Where's the Michigan Militia When You Need It?


Back in 1996, I published a little rant in Liberty [pdf] about porch furniture. Here's the core of it:

Not my house, but it does have a certain rustic charm.

When I was a college student, I lived in a house with a sofa on its porch, and life was grand. People could gather there to talk, or smoke, or drink, or play music, or make out, or just watch pedestrians wander by. It was both an adjunct to the house—an extra room smokers or loud talkers could be sent to without feeling banished—and an opening to the outside world. Random passers-by could stop for a second, stay for an hour, and end up our newest friends. The couch was ripped-up, dirty, and comfy. And our landlord made us get rid of it.

He was a good landlord in every other respect. But after he took away our couch, our house's social life took a bit of a dive….

[C]ouchnapping our favorite furniture is a landlord's prerogative, I suppose. The house is his property, after all, and I don't remember demanding any special sofa rights in our lease. But the city council of Indiana, a small town in western Pennsylvania, has no such excuse. In December, the Indiana Borough Council banned residents from using furniture outside if it is "not specifically constructed for outdoor use." Offenders will be fined $50-$100 for a first offense, and up to $300 if they keep sinning. The law was specifically designed to get couches off porches. According to the Associated Press, "The idea came from Councilman John Morganti, who has campaigned to clean up things he regards as eyesores."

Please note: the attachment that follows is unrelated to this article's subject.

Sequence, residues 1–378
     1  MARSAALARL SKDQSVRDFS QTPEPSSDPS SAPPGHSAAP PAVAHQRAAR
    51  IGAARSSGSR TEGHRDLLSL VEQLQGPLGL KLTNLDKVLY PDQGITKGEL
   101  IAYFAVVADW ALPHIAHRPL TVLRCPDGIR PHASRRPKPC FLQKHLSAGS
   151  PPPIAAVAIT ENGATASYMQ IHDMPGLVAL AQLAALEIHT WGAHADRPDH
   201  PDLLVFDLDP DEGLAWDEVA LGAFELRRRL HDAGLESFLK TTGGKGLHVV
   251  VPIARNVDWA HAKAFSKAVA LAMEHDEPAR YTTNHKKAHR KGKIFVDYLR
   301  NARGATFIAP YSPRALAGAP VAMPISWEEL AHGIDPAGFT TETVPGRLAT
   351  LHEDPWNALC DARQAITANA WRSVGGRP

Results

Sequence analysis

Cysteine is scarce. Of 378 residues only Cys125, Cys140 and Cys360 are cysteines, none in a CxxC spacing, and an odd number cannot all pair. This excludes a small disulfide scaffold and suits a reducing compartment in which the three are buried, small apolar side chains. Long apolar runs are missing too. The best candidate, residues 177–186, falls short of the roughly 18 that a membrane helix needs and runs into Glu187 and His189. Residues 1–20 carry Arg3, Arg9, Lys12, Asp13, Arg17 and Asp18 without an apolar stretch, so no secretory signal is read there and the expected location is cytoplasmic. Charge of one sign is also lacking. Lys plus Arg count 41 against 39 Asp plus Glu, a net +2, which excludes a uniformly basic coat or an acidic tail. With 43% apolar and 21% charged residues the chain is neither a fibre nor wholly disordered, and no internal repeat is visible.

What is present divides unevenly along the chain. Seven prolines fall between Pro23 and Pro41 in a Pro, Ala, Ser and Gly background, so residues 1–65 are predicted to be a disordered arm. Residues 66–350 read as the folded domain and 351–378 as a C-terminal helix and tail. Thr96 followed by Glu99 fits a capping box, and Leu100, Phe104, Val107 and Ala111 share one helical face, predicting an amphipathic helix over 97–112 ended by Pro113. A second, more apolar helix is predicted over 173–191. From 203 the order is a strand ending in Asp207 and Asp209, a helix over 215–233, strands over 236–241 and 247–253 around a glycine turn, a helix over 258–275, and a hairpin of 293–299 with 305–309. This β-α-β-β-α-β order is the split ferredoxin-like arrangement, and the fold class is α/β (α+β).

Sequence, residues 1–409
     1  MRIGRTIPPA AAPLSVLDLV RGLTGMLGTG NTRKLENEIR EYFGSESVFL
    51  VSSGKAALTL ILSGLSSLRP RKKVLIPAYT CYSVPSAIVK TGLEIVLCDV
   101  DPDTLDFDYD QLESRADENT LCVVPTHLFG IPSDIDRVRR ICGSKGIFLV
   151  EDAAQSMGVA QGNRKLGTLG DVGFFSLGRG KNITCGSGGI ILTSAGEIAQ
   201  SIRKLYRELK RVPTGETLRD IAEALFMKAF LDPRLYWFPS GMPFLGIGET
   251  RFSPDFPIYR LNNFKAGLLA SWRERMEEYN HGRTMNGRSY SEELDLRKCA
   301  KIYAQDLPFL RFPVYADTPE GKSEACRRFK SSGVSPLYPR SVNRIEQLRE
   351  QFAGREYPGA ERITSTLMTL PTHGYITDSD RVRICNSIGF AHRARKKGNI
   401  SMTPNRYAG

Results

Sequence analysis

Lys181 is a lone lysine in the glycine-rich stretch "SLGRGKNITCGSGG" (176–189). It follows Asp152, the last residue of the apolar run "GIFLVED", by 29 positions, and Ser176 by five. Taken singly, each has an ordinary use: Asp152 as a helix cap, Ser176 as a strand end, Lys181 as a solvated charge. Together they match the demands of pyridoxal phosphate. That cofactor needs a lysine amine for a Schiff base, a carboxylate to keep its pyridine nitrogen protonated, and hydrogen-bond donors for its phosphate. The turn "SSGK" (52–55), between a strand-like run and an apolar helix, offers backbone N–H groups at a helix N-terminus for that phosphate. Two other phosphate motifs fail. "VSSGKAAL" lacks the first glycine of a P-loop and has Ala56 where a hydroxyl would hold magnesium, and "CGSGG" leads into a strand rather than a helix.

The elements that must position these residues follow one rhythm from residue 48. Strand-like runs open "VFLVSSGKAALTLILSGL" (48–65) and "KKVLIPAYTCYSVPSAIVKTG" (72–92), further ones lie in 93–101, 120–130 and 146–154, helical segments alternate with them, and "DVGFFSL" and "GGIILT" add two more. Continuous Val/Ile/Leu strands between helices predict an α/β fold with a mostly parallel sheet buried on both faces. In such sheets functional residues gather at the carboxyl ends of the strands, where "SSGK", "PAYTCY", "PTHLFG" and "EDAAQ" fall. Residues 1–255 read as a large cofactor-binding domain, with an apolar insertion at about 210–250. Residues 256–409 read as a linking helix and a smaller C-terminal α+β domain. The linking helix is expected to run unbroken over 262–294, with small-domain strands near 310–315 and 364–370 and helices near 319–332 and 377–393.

Well, that's America: one man's way of life is another man's eyesore. Except in this case, the latter is a powerful prig, and he doesn't mind forcing everyone else to conform to his sterile social vision. Don't be surprised if this latest affront to civil society catches on in other cities. There is something about a happy porch that drives a busybody mad.

Fourteen years later, the story has arrived at its sad punchline. In a dual attack on the social lives of students and the property rights of landlords, the town where I went to college—Ann Arbor, Michigan—has now banned porch couches. It's a city with no shortage of busybodies, but I never dreamed it would assault its own indigenous culture so ruthlessly. Next thing you know they'll start locking people up for smoking pot.

[Hat tip: Clark Stooksbury.]